A study conducted in 2003 found that five years after the ban, medical practitioners in India were still using quinacrine to sterilize women.1 None of the women interviewed knew that QS was an unauthorized method, with potential health hazards. Most of the women who underwent QS said that the provider never asked them to sign or give their thumb-print on any consent form or other document. The few who did sign forms said that they were not aware why they were asked to do so. "It calls into question any claim that informed consent was given by these women, thus violating their human rights," stated Shree Mulay, Director, Centre for Research and Teaching on Women, McGill University, Canada, who led the team of researchers based in Kolkata, the capital city of West Bengal, the Indian state bordering Bangladesh.2
QS is a non-surgical, permanent method of sterilization by the synthetic anti-malarial chemical quinacrine. When quinacrine pellets are inserted into the uterus through an intra-uterine device, they dissolve, form scars and block the fallopian tube to prevent fertilization.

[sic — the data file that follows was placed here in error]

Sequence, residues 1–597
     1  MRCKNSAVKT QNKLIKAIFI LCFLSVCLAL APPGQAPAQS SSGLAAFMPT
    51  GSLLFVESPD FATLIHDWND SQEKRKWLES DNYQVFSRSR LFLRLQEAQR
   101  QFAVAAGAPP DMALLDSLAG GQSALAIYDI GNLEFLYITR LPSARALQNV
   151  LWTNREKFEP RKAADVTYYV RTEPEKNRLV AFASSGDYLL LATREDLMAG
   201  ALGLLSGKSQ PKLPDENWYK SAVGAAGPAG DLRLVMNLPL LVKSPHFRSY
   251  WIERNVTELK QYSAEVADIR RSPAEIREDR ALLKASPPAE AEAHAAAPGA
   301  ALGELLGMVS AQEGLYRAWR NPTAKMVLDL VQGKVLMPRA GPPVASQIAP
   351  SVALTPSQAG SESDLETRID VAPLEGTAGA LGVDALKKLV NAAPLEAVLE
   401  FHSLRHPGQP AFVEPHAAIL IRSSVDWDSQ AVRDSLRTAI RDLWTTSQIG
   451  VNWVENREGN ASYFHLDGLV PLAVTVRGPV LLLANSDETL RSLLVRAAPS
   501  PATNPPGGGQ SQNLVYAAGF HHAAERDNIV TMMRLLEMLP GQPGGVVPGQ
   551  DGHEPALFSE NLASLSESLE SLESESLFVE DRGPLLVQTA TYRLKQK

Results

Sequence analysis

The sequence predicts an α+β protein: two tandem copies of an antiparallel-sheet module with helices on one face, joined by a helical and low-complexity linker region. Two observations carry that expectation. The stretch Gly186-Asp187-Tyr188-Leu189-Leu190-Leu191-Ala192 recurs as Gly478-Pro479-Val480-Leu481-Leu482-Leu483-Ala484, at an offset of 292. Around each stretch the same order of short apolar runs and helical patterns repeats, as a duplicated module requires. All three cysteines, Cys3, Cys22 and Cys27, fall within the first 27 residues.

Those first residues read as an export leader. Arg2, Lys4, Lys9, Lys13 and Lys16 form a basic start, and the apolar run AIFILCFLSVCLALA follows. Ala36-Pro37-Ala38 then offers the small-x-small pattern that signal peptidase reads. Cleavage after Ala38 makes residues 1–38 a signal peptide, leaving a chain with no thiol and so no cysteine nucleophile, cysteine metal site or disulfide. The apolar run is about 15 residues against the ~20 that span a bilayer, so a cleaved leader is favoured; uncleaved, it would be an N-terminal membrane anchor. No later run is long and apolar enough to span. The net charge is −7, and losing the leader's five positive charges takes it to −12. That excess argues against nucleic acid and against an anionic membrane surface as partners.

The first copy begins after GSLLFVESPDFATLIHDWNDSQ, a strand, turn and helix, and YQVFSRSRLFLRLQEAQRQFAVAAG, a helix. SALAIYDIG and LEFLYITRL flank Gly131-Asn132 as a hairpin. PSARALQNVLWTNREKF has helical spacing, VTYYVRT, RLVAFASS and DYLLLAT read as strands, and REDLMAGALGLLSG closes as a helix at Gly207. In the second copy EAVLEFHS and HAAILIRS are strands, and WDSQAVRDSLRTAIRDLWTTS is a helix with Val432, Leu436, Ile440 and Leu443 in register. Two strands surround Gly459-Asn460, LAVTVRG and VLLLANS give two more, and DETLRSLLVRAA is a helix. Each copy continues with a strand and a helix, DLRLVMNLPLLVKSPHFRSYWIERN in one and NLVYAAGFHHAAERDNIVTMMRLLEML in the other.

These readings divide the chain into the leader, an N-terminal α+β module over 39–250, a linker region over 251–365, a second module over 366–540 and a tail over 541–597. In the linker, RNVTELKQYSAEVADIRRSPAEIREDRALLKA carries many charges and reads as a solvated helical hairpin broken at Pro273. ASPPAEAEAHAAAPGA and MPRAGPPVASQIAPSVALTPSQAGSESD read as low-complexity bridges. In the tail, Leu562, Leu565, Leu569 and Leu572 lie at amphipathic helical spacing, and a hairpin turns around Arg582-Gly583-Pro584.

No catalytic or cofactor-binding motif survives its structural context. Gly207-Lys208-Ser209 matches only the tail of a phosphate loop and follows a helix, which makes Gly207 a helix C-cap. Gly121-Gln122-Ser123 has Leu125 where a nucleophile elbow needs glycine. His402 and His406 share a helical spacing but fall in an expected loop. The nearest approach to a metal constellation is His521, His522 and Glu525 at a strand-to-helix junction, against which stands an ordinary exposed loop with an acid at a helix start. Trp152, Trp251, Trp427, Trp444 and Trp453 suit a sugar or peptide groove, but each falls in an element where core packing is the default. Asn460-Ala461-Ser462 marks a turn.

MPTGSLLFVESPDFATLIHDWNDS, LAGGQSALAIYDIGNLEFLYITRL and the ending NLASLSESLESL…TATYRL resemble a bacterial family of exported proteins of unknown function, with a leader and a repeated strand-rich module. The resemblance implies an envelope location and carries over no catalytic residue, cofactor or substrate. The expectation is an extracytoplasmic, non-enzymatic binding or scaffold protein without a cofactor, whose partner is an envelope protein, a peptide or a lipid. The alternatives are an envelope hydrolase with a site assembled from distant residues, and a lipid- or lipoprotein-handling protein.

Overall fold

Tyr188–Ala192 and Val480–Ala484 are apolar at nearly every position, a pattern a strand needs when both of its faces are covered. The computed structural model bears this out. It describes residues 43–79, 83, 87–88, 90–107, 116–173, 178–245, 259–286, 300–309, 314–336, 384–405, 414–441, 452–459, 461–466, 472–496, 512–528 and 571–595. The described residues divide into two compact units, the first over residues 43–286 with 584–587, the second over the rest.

In 1997, women's health advocates around the world were alarmed to discover that large-scale clinical trials had been conducted with QS on over 100,000 women in 25 countries. An ardent proponent of QS, Dr. Ashi Sarin, claimed in a telephone interview that at least one-fifth of the QS cases in the world were done in 26 centers in India before the ban. Sarin herself has conducted 134 QS procedures among ‘high-risk’ women and found it to be effective. "In most countries like India the trials were covert. We are concerned that women are being targets of unethical drug trials," said Mohan Rao of the Public Health faculty of Jawaharlal Nehru University (JNU) in Delhi.